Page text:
Three Decades of Northern Cree Music
Hardcover 192 pp.
Online discount: 25%
Online discount: 50%
ForeWord Magazine 2007 Book of the Year
AwardBronze Prize Winner in the Music Category
Shortlisted for the Manitoba Historical Society Margaret McWilliams AwardScholarly Category
Includes audio CD with over 50 Cree hunting songs
Essential Song: Three Decades of Northern Cree Music, a study of subarctic Cree hunting songs, is the first detailed ethnomusicology of the northern Cree of Quebec and Manitoba. The result of more than two decades spent in the North learning from the Cree, Lynn Whidden’s account discusses the tradition of the hunting songs, their meanings and origins, and their importance to the hunt. She also examines women’s songs, and traces the impact of social change—including the introduction of hymns, Gospel tunes, and country music—on the song traditions of these communities.
The book also explores the introduction of powwow song into the subarctic and the Crees struggle to maintain their Aboriginal heritage—to find a kind of song that, like the hunting songs, can serve as a spiritual guide and force.
Including profiles of the hunters and their songs and accompanied by an original audio CD of more than fifty Cree hunting songs, Essential Song makes an important contribution to ethnomusicology, social history, and Aboriginal studies.
Lynn Whidden is an associate professor of Native studies and music at Brandon University, Manitoba. Her research has focused on the role of songs in the lives of subarctic Cree and Caribou Inuit. She has published many articles on the song traditions of the Métis and the Dakota and has contributed to numerous television and radio broadcasts about Aboriginal song.
“Essential Song: Three Decades of Northern Cree Music, with its accompanying compact disc is a welcome and much-needed addition to the literature on the musical expressions of Canada’s First Nations...and who better to guide us on this journey then Lynn Whidden, who has herself lived in Canada’s North for much of her life.”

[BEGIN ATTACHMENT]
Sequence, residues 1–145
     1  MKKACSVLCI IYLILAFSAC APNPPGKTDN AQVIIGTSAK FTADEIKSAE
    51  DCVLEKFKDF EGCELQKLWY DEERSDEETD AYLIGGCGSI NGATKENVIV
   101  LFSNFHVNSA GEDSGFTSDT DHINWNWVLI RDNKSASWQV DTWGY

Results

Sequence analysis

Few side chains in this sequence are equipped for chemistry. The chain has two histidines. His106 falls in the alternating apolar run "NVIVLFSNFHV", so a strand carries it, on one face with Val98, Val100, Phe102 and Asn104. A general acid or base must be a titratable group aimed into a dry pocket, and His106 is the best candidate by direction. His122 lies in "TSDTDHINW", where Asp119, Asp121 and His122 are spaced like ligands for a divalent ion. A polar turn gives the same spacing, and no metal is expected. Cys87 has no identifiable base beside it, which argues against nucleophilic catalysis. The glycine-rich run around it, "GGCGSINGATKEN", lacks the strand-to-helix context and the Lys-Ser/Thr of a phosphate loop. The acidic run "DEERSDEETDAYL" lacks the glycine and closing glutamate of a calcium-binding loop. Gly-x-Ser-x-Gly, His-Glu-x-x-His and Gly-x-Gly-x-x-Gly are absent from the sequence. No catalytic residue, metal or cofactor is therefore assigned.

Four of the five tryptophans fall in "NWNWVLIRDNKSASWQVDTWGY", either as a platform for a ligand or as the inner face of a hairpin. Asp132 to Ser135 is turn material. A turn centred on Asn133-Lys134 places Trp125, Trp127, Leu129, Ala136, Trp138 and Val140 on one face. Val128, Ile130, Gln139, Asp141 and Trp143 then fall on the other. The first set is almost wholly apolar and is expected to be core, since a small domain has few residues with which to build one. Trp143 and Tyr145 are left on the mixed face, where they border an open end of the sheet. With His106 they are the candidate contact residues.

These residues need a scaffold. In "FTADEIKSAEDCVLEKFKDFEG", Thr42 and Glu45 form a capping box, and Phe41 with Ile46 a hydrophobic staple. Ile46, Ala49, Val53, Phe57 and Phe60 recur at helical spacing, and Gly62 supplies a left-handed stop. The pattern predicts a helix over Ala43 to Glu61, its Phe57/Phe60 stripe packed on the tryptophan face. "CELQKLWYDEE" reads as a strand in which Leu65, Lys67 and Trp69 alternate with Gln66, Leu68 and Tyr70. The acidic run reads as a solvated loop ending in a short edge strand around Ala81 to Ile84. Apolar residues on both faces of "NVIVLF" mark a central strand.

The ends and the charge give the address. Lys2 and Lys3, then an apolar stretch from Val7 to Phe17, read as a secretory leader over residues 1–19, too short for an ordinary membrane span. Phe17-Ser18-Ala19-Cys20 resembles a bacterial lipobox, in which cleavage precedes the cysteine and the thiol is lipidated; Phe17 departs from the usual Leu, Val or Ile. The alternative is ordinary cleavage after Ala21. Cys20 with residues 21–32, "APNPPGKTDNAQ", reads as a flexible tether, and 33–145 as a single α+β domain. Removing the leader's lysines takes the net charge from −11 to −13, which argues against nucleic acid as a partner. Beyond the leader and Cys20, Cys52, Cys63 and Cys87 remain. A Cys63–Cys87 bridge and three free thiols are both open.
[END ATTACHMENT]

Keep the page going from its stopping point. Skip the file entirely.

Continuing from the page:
— Paula Conlon, University of Oklahoma, Native Studies Review
“Along with the detailed descriptions of the repertoire giving context, text, and translation into English, this study is extremely valuable for considering each musical manifestation within Cree existence. The details of the relationship of the hunter with the bird, animal, or fish, through the particular song being used, underlines how different the view of the Cree person is from a member of the Canadian dominant society.... I want to underline that this is a particularly valuable document on northern Cree music.... All libraries dealing with musical expressions and Native Studies should have this book in their collection.”
— Elaine Keillor, Carleton University, Canadian Association of Music Libraries Review
“One of the strengths of this book is its view of Cree music, past and present, as integral to the lives of the people who have created and used it.... In this lucid and engaging work Lynn Whidden has created a valuable resource for young northern Cree who seek to strengthen their communities by building more elements from their own culture into their lives; and, for anyone with an interest in subarctic cultures, in the music of the Canadian north — or in Cree expression of the universal human need for song — Essential Song is essential reading.”
— John Bennett, Meridian: Canadian Polar Commission
“Providing a thorough account of the musical culture of the Cree people ... this excellent book makes a unique contribution to ethnomusicology.... Highly recommended.”
— B. Nettl, University of Illinois at Urbana-Champaign, CHOICE
“A thoughtful and valuable ethnography, grounded in Whidden’s knowledge and field experience with the Northern Cree.”
— M. Celia Cain, University of Toronto, Ethnomusicology